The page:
I am developing and maintaining a web-based application that's used internally at my job. I am the only developer and so I'm not really using branches; everything happens on the trunk. I do tag releases in Git with the date and time, and I'm starting to transition to using a build number instead of date/time.

In the production instance of the app (which is just a tag on the trunk), a bug has been discovered that needs to be fixed ASAP. In the meantime, I've been developing new features, but they're not ready to be distributed.

Fixing the bug is easy: check out the tag into a new branch, fix, publish. However, in such a situation, what should the fix's build number be?

If I follow the existing build strategy of incrementing a serial number, my build numbers will be, e.g.

1234: production
1235: development (with new features)
1236: production fix (doesn't have new features)

which doesn't seem to make sense. Alternately, incrementing the production tag's build number would lead to, e.g.

1234: production
1235: development (new features)
1235: production fix

which defeats the purpose of build numbers (uniquely identify a particular build).

Using Git's revision ID is another option, but they're not exactly readable.


You could use Semantic Versioning as well as follow the Git workflow. You can move your current development work into a feature branch, bring master back to a commit prior to having done any new feature development and only merge the new features into master when it is ready (i.e. cleared all your tests and cleared QA). That way you can directly apply your bug fix to master.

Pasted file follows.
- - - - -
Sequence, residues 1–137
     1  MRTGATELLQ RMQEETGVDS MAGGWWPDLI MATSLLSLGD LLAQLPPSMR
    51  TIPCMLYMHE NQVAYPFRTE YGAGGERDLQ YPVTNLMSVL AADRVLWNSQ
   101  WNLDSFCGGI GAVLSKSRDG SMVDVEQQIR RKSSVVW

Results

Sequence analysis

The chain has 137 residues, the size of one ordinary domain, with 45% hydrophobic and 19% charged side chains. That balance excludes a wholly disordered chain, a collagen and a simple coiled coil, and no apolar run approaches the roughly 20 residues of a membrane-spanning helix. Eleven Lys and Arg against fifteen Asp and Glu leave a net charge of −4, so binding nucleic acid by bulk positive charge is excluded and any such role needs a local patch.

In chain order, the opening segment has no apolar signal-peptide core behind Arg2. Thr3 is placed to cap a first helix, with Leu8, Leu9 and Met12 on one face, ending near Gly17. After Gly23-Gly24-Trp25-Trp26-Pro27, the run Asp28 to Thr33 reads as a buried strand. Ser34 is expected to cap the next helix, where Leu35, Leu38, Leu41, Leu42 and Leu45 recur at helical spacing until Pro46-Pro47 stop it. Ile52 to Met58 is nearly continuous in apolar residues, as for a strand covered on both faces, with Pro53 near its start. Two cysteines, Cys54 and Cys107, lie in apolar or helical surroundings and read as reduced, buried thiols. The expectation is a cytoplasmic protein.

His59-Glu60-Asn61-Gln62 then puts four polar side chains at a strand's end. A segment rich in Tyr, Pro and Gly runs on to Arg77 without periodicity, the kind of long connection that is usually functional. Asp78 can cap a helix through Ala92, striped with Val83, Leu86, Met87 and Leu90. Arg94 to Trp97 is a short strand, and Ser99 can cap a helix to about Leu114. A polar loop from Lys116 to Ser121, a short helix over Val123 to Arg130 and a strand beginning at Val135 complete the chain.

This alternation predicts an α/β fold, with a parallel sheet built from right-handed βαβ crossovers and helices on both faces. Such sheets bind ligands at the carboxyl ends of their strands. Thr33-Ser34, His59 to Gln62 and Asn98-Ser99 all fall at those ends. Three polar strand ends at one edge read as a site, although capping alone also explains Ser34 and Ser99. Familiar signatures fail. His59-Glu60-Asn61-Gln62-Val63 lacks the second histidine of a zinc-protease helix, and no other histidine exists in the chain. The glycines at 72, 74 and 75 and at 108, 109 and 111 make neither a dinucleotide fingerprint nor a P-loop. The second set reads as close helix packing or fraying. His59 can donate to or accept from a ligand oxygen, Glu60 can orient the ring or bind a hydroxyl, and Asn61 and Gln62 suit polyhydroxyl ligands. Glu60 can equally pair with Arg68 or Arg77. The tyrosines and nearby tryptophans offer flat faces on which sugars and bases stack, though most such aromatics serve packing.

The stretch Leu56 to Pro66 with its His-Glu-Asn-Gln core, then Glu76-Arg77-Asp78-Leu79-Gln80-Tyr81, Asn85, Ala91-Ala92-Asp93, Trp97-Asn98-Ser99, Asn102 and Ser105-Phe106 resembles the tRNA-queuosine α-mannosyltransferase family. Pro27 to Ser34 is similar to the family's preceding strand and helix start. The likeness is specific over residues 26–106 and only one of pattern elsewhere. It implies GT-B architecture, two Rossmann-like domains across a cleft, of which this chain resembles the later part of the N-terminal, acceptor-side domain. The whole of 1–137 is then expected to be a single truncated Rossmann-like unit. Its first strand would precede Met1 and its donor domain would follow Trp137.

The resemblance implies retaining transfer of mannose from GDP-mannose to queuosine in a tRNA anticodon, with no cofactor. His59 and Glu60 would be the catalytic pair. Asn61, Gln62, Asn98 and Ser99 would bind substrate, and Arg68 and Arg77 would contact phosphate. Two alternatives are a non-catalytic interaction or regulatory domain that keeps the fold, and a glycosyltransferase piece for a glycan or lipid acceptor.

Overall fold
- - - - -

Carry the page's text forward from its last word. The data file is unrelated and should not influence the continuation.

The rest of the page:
Following the Git Workflow helps avoid situations similar that in which you are in and would be my recommended approach moving forward

  • So is the build number unique per branch? Or does it just increment remorselessly and context for a build comes more from the version number? Jan 10 '14 at 23:16
  • Ah, I guess semantic versioning doesn't use a build number. I just don't like manually incrementing a version number :/ Jan 10 '14 at 23:16
  • 1
    SemVer does allow for build #s now in development, but the point is to follow it for Release. In the scenario for your question you are releasing a hot fix and need to bump the appropriate #. If you scroll down to point #10 on the server homepage you'll see the note about build metadata
    – Kevin
    Jan 11 '14 at 1:42

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